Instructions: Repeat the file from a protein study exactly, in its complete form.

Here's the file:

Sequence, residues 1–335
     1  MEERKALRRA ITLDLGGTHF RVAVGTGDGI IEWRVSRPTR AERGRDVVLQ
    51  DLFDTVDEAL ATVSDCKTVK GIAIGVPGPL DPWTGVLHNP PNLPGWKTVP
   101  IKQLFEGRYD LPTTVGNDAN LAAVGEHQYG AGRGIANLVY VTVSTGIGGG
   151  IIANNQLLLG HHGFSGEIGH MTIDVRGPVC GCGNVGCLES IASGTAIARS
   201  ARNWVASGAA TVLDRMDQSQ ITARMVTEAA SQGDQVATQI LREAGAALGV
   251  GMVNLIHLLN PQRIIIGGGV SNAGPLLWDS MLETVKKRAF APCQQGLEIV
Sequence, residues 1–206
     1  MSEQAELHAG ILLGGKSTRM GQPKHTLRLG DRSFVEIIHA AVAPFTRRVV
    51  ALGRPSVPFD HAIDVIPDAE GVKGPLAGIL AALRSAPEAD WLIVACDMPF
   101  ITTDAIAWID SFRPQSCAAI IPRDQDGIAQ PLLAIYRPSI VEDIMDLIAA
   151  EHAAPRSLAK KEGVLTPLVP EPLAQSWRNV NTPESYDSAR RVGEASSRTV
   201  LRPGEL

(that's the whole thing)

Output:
Sequence, residues 1–335
     1  MEERKALRRA ITLDLGGTHF RVAVGTGDGI IEWRVSRPTR AERGRDVVLQ
    51  DLFDTVDEAL ATVSDCKTVK GIAIGVPGPL DPWTGVLHNP PNLPGWKTVP
   101  IKQLFEGRYD LPTTVGNDAN LAAVGEHQYG AGRGIANLVY VTVSTGIGGG
   151  IIANNQLLLG HHGFSGEIGH MTIDVRGPVC GCGNVGCLES IASGTAIARS
   201  ARNWVASGAA TVLDRMDQSQ ITARMVTEAA SQGDQVATQI LREAGAALGV
   251  GMVNLIHLLN PQRIIIGGGV SNAGPLLWDS MLETVKKRAF APCQQGLEIV
Sequence, residues 1–206
     1  MSEQAELHAG ILLGGKSTRM GQPKHTLRLG DRSFVEIIHA AVAPFTRRVV
    51  ALGRPSVPFD HAIDVIPDAE GVKGPLAGIL AALRSAPEAD WLIVACDMPF
   101  ITTDAIAWID SFRPQSCAAI IPRDQDGIAQ PLLAIYRPSI VEDIMDLIAA
   151  EHAAPRSLAK KEGVLTPLVP EPLAQSWRNV NTPESYDSAR RVGEASSRTV
   201  LRPGEL